Perhaps the most important skill you’ll need to be a competitive athlete is compartmentalization. Compartmentalizing on a broad level is essential to managing your athletic, academic, and social commitments. Athletes must be students in the classroom, competitors on the field and in the weight room, and brothers/sisters/friends in their free time. Broad compartmentalization allows us to navigate between these three domains effectively and remain organized. A related, but more important skill is micro-compartmentalization. This is where an athlete focuses entirely on the immediate task at hand without worrying about the future. Micro-compartmentalization is basically mental shortsightedness. Imagine a rock climber dangling off the side of a cliff; he doesn’t worry about climbing the rest of the mountain, he only looks for the next hand hold. Be the rock climber.

No doubt you’ve heard about compartmentalizing to such a degree before, but do you ever utilize it? Have you ever been so tired, sore, out of breath, or broken down that the only way to accomplish a task was to literally focus on taking one step at a time? Here’s a familiar scenario: it’s a brutally hot summer day in July, and you’re looking down the barrel of a preseason conditioning test. Eighteen 110-yard sprints, as fast as possible. Maybe it’s a turf field, in which case the surface scorches your cleats after baking in the sun all day. A blanket of humid air smothers the field; heavy and undisturbed save by your team’s apprehensive breaths. You know this test is going to take everything you have, and then some. There’s only one way out: to focus solely on the immediate challenge, to micro-compartmentalize, to embrace the pain.

You start by running one sprint at a time. “Just get to the other end of the field, as fast as possible,” you tell yourself. This works for the first few sprints, but soon an insidious self-doubt and urge to fake an injury begins to gnaw at your mind. You’re thinking “there’s no way I can make all these sprints in the time limit”. You must compartmentalize further. Thus, each sprint becomes four smaller challenges, completed consecutively and at full speed. First, the get-off: come out firing, drive your knees, fast and powerful steps. Second, the sprint: long strides, arm swing, breathe. Third, the home-stretch: stay strong, sprint through the line, don’t let your team down. Finally, the recovery: breathe, stand tall, smile, you’re having fun. On to the next one. It’s pure tunnel vision. Each challenge becomes your entire world, and nothing else exists outside of completing them. During each segment of each sprint, you repeat those mantras, willing yourself through. When the dust finally settles, you wipe the sweat from your eyes, and stand victorious. You have passed the test.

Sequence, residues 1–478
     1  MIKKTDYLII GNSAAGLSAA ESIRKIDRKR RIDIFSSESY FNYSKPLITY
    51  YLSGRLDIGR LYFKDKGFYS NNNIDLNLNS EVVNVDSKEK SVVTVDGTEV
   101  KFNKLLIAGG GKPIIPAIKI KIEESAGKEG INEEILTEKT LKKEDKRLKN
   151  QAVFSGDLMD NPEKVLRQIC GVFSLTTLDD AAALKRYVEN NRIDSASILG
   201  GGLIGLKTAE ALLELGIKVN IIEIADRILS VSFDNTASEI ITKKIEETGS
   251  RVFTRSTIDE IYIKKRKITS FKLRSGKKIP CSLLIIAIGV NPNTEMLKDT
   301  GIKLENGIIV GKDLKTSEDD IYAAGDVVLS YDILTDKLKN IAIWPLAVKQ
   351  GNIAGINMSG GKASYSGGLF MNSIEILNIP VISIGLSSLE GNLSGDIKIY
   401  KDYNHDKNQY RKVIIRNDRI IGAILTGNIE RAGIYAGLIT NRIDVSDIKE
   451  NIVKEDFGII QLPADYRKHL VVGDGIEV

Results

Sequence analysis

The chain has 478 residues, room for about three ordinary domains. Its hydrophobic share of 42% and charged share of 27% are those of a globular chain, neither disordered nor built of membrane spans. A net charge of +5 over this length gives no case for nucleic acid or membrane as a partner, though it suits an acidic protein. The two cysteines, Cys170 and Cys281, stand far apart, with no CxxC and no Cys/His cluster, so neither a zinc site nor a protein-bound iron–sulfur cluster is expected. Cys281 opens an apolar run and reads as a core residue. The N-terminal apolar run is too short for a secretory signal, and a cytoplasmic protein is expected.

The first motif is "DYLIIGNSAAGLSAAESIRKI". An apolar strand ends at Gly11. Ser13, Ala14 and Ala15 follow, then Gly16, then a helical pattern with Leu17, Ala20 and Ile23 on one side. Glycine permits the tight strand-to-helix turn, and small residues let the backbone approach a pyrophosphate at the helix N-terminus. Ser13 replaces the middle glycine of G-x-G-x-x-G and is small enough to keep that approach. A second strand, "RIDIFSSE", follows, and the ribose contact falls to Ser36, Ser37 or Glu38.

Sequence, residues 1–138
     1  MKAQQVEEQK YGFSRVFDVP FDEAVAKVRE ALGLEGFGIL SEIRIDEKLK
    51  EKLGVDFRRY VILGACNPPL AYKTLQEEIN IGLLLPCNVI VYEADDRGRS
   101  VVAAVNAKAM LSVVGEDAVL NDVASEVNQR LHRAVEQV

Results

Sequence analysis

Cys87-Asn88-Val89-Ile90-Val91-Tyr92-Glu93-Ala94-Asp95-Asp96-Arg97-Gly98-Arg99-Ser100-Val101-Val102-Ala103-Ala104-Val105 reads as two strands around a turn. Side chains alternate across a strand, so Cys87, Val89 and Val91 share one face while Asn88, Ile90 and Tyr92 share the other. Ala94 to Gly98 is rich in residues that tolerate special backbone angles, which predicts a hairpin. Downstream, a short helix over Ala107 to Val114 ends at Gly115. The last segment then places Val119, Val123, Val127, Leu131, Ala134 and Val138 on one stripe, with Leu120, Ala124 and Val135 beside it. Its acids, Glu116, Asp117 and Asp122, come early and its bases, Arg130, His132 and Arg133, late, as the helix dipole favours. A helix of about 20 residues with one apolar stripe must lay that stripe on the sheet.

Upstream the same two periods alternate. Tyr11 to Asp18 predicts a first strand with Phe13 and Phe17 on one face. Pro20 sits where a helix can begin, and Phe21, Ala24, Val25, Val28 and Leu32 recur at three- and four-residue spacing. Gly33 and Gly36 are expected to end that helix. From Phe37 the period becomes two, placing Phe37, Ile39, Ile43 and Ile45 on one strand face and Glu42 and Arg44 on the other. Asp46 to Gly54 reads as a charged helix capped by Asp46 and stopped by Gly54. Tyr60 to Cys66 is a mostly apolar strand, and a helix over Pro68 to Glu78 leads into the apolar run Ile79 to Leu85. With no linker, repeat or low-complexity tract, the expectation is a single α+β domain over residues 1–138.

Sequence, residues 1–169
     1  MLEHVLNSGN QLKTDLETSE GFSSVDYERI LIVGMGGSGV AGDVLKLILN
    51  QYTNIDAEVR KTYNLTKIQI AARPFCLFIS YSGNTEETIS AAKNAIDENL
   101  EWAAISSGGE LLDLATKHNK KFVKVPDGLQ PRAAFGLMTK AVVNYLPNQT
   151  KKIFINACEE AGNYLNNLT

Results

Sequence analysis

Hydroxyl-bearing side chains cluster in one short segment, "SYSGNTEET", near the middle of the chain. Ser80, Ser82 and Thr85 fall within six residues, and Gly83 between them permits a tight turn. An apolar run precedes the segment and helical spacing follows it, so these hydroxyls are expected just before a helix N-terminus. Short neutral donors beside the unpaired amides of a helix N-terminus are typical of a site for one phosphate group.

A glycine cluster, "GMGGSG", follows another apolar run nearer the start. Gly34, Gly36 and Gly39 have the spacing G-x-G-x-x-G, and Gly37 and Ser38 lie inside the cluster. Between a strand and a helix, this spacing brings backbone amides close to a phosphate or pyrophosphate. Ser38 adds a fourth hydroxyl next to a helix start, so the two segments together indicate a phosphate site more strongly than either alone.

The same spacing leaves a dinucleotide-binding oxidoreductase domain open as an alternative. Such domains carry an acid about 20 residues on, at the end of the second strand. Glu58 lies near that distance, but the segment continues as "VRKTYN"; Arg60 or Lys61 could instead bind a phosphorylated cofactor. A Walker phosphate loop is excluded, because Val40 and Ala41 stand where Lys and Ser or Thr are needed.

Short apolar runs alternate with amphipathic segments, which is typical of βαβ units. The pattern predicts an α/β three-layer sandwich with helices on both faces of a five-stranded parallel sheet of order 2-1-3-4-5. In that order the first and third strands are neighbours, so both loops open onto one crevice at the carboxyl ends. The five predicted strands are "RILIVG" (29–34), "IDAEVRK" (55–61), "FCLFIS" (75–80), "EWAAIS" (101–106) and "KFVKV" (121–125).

At Stadium Performance, our athletes often show up to lift and ask how many sprints we’ve assigned for the day’s conditioning session. The way I see it, you shouldn’t care how many sprints you’re running after lift. Be shortsighted. You’ve already got plenty of tasks to accomplish before we even get to conditioning, so don’t distract yourself or worry about the future. Treat every rep as if it will be your last, and put your heart and soul into that one rep. Focus on the mission at hand. There’s only one way to become a proficient compartmentalizer, and that is to practice daily until it becomes a habit. Get used to ignoring the pain, giving your maximum effort, and being short-sighted.

Ultimately, compartmentalizing can be summed up with three words: win this rep. Forget how seemingly impossible the larger task might be. If you’re still breathing, you still have an opportunity to accomplish it. Win the most immediate battle. By repeatedly winning these small fights, you eventually win the war.

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